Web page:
Routledge Handbook of International Criminology

Routledge Handbook of International Criminology

Routledge Handbook of International Criminology

Routledge Handbook of International Criminology

Synopsis

This handbook represents the latest thinking and findings from a group of senior and promising young scholars around the world who came together in an effort to broaden our perspectives in understanding crime and social control across borders and nationalities. This collaborative project articulates a new way of thinking about criminology and to strive for an over arching framework that is truly international. To reduce the complexity of this effort into manageable portions, three distinct, albeit often overlapping, types of crime are presented: international crime (e.g. crimes against humanity); transnational crime (e.g. human trafficking); and national crime (e.g. description of one nations system and its related crimes). Each of these perspectives are articulated through chapters on the traditional components (e.g. theory and methods), the international components (e.g. comparative methods, transferability), and a series of case studies of nations. At the end of each chapter is a list of prompting questions suitable for students to pursue as their senior and masters theses. Many of these questions are also intended for young scholars to move the field forward.

Excerpt

Knowledge in international and comparative criminal justice and criminology has grown considerably since Gerhard O. W. Mueller and I first started teaching at Rutgers in 1974. In the early days, the publisher of our textbook, Criminology (1991), thought it was unnecessary to devote a whole chapter to comparative and international criminology. When Elmer H. Johnson edited the International Handbook of Contemporary Developments in Criminology in 1983, world criminology and comparative criminal justice were struggling for their place among other disciplines. Johnson described the field as being handicapped by “ethnocentricity.” His twovolume text provided seven chapters on the state of criminology throughout the world (e.g. the United Nations, international organizations, feminist and radical criminology perspectives) and forty country chapters. The authors were invited to focus on, “What is criminology?” The responses varied widely based on contributors’ placement in education and in the field.

Change, however, has occurred over the last thirty years since Johnson’s text. Criminology and criminal justice have moved into the spotlight in many ways. In the United States, the international divisions of both the Academy of Criminal Justice Sciences and the American Society of Criminology have grown from a handful to one of the largest divisions of each organization. The luncheons that provide the networking opportunities for academics have grown from a table of close friends to a reception of over one hundred. In Europe, the British Society of Criminology (1985) and the European Society of Criminology (2000) were founded. In similar fashion, other countries and regions developed professional societies, including the Indian Society of Criminology (1970) and the Asian Criminological Society (2009). Articles on comparative or international research, virtually impossible to publish in the past, now appear in a growing number of internationally focused journals. Criminologists are increasingly being consulted on policy issues. The change started to become visible in the 1970s in the United Nations where Mueller served as the Chief of the Crime Branch, reaching out to academics and non-governmental organizations for knowledge building and assistance and in the American Society of Criminology’s work with the United States Attorney General Janet Reno during my presidency. Yes, we have made great strides, but we have not moved along rapidly enough to keep up with the globalization of crime. Other academic and practitioner fields, such as business, economics, and health care, have been racing forward. Unfortunately, Johnson’s ethnocentricity is still very much alive in many countries and many universities in the field of criminology and criminal justice. Only a handful of universities have degree programs in international criminology or criminal justice and many universities around the world do not recognize criminology as a field of study.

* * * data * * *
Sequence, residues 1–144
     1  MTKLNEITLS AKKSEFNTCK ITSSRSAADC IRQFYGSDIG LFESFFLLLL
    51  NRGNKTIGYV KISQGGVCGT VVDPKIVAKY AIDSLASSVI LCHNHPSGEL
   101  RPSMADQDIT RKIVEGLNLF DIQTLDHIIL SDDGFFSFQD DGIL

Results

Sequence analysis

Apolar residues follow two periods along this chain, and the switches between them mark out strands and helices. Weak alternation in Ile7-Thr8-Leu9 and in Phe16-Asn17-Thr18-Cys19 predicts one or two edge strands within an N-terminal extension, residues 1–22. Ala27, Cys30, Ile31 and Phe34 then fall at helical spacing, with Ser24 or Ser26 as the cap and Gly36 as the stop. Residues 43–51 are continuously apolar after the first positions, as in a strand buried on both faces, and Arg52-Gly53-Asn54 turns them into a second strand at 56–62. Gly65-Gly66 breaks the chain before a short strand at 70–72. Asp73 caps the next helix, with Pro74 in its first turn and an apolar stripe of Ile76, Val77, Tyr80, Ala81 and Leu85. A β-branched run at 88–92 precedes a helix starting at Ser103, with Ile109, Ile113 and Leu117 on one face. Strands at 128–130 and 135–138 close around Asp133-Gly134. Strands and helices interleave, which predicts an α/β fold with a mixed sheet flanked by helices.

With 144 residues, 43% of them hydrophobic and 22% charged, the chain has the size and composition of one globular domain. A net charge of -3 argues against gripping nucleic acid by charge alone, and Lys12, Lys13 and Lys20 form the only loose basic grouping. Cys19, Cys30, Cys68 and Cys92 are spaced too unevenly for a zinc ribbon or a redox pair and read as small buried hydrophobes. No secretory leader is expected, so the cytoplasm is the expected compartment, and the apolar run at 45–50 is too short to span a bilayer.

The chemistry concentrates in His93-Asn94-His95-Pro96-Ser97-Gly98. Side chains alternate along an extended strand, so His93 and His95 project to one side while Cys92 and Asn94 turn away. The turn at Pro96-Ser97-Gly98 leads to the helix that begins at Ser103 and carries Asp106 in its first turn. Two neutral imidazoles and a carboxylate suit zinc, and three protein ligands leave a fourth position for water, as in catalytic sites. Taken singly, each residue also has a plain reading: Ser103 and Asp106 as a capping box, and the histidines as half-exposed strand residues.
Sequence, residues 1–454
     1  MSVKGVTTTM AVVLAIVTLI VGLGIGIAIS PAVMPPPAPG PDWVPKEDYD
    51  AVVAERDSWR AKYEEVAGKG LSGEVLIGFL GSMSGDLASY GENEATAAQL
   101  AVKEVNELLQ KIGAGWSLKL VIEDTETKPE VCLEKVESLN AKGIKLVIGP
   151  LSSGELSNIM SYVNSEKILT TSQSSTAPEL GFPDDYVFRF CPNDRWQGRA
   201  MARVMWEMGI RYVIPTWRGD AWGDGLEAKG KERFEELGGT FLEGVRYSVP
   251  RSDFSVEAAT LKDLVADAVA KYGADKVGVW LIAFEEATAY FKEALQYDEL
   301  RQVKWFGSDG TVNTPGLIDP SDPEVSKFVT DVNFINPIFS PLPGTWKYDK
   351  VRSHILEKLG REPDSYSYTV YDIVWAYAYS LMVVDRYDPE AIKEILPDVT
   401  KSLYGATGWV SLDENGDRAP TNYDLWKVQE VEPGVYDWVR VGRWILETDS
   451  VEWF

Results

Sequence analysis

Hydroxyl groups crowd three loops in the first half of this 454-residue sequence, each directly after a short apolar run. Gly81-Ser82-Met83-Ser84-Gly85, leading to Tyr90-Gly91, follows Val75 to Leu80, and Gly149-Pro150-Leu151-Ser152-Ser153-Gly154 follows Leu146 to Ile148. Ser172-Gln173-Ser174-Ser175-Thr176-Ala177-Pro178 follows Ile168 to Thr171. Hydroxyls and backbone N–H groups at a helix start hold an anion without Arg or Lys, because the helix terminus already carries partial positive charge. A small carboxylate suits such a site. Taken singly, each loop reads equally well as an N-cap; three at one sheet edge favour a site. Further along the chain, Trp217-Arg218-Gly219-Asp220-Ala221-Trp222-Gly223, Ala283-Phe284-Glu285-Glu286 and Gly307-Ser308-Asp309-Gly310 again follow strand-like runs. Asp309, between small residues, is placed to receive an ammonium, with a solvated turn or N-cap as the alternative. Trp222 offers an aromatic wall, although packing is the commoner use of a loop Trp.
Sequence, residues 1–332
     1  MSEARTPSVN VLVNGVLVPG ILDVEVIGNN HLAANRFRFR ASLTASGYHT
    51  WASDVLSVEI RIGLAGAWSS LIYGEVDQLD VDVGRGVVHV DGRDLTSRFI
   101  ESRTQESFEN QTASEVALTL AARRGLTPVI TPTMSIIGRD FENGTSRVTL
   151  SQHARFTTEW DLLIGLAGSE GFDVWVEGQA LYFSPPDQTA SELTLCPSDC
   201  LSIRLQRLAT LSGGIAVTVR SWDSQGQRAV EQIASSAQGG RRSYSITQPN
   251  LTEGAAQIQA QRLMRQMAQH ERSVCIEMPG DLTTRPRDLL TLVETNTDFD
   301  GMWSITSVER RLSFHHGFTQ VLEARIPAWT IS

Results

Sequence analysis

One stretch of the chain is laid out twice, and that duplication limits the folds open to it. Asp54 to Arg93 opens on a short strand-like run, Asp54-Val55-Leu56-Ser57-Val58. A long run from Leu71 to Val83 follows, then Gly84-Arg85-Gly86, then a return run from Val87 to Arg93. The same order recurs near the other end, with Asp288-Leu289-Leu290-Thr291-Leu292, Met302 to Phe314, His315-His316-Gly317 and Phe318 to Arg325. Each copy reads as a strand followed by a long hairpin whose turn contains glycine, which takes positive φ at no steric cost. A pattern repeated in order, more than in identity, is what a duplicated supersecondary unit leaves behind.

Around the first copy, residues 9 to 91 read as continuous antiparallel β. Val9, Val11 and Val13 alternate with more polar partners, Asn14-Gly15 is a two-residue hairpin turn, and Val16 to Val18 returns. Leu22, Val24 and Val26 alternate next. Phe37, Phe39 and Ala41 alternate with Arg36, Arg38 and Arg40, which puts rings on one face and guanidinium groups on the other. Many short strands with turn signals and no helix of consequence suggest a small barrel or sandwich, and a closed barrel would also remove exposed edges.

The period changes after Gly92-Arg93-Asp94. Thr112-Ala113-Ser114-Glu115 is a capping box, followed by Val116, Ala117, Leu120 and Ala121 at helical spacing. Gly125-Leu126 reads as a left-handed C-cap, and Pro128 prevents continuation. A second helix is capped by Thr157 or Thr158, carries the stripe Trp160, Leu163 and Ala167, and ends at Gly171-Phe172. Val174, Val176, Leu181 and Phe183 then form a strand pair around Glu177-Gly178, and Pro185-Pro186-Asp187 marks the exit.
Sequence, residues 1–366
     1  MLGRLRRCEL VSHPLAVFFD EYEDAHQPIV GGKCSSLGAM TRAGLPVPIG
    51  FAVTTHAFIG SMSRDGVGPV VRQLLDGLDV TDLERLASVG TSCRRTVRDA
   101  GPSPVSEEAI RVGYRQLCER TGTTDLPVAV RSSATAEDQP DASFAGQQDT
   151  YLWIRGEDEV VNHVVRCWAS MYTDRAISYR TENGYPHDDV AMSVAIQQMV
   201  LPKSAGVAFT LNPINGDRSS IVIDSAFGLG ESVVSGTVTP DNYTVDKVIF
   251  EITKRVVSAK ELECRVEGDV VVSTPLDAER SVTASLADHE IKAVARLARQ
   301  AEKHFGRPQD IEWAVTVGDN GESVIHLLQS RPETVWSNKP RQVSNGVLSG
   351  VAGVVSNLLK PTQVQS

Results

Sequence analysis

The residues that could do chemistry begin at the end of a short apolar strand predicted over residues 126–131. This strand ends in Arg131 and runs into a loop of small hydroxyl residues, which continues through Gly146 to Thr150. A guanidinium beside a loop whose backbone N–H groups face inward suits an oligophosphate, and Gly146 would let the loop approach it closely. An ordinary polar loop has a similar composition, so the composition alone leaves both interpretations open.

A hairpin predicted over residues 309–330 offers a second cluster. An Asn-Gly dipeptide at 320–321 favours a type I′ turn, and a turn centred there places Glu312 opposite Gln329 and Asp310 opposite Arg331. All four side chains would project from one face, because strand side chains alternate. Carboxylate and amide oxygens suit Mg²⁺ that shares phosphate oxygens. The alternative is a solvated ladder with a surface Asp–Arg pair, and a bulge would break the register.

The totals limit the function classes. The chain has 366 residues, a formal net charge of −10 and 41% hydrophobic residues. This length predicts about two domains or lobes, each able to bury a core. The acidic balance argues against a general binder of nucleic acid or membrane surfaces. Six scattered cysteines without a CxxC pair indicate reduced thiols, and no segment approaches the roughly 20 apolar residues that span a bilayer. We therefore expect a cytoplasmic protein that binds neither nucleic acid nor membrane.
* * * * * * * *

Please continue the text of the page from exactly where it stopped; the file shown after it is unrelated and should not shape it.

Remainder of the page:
International criminology can no longer be seen as a luxury for those who have achieved sufficient status to enable them to travel or as a perk given as a reward for some other activity. Rather, changes need to be made in this growing area of concern. It requires retooling to meet . . .

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